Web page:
Updating PHP on Laravel Forge.

Today I had the crazy idea of updating PHP on my Laravel Forge-provisioned server. In this article I’ll cover how to update PHP 7.0 to 7.1 on a 7.0-provisioned server.

Required reading:

Start off by reading this article by Bryse Meijer. In it, he explains how to add “ppa:ondrej/php” as an apt repository and install PHP 7.1 (CLI and FPM). He also describes how you can set the socket used by nginx, but we’re not going to be doing this just yet.

If you now run “php -v”, you’ll see that your CLI is already upgraded to 7.1, which is great! Unfortunately, Bryse doesn’t mention you’ll need a couple of extensions to be loaded by PHP FPM, which aren’t automatically installed when you install PHP 7.1.

Downloading extensions:

When SSH’d into your server, navigate to “/etc/php/7.0/mods-available” and list the contents of the directory. You should see about 46 “.ini” files listed. I recommend saving this list somewhere as we’ll be downloading the PHP 7.1 compatible versions of these extensions.

Now that we know what extensions to download, navigate to “/etc/php/7.1/mods-available” and list the contents of the directory. You should see fewer “.ini” files than you did in the 7.0 directory, which we’ll be fixing here. Execute “sudo apt-get install php7.1-<extension-name>” for every extension that’s not in the 7.1 list, but is in the 7.0 directory.

For example, “gd.ini” does exist in the list of 7.0 extensions, but it’s not present in the 7.1 list. Once you execute “sudo apt-get install php7.1-gd” and list the contents again, you should see the “gd.ini” file there now. Repeat this for all the missing extensions.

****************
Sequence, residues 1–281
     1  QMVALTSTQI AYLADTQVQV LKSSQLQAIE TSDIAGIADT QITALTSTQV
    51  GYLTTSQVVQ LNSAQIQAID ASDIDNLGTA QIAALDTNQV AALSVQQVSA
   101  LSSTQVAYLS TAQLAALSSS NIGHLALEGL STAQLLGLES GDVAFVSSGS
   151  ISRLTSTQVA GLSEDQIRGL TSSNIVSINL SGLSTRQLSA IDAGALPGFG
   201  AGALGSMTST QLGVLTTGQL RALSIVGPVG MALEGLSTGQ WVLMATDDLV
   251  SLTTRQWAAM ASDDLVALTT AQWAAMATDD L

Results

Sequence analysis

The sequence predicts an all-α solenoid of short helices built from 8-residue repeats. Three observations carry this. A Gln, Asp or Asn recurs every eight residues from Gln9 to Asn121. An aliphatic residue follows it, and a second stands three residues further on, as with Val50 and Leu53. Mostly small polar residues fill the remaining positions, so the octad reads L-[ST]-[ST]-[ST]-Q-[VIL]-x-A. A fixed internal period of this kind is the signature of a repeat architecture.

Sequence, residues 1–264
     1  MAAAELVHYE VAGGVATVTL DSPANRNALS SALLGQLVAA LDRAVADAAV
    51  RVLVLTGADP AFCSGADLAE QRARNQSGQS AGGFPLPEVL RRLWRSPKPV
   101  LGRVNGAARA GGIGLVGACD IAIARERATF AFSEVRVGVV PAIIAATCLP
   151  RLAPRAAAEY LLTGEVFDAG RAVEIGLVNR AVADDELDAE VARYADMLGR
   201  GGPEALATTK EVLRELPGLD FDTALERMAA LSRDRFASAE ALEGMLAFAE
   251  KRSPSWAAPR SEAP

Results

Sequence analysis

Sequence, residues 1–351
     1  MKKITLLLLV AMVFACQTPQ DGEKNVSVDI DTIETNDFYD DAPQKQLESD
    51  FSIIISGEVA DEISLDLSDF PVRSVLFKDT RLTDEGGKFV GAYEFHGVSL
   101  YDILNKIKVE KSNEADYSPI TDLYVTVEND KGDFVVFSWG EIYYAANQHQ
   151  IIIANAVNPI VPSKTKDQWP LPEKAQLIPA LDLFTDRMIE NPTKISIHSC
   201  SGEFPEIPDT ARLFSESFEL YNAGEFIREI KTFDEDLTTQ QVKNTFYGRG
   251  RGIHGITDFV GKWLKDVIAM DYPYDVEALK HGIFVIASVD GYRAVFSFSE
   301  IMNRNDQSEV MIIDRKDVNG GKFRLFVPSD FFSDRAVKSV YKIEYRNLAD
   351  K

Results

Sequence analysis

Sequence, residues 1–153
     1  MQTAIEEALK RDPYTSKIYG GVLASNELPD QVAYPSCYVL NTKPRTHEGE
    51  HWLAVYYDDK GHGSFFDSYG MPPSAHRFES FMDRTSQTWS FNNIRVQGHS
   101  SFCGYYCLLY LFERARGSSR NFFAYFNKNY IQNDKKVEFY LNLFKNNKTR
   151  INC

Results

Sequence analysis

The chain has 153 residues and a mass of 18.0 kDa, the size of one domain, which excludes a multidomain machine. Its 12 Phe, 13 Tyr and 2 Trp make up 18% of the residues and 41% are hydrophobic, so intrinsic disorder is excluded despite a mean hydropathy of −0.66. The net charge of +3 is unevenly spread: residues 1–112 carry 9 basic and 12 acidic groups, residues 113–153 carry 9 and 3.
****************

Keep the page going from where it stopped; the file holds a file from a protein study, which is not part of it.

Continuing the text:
Enabling PHP 7.1:

Right, so we have all the required extensions we need, let’s go and enable PHP 7.1 for our website! Go to “/etc/nginx/sites-available”, then edit the configuration file for the domain you want to enable PHP 7.1 for with your favorite text editor.

Near the bottom of the file, you should see a line that looks like this: “fastcgi_pass unix:/var/run/php/php7.0-fpm.sock;”. As you might expect, we’ll just replace the “php7.0-fpm.sock with “php7.1-fpm.sock”.

All we need to do now is restart our webserver with “sudo service nginx restart” and we’re done! To verify, add a call to “phpinfo();” followed by “die;” at the top of “/home/forge/<domain>/public/index.php”, navigate to the website and 🎉! PHP 7.1!

Since publishing this article, I noticed that deploying again breaks this (always showing a 500 error in the browser). To temporarily fix this, change “php7.1-fpm.sock” back to “php7.0-fpm.sock”, reload nginx (“sudo service nginx restart”), refresh the browser and then change it back to “php7.1-fpm.sock” and restart nginx again.

My name is Sven, I’m a PHP developer from The Netherlands. If you want to read more from me, feel free to follow me here or on Twitter. Want to take a look at my open source work? Check me out on GitHub!

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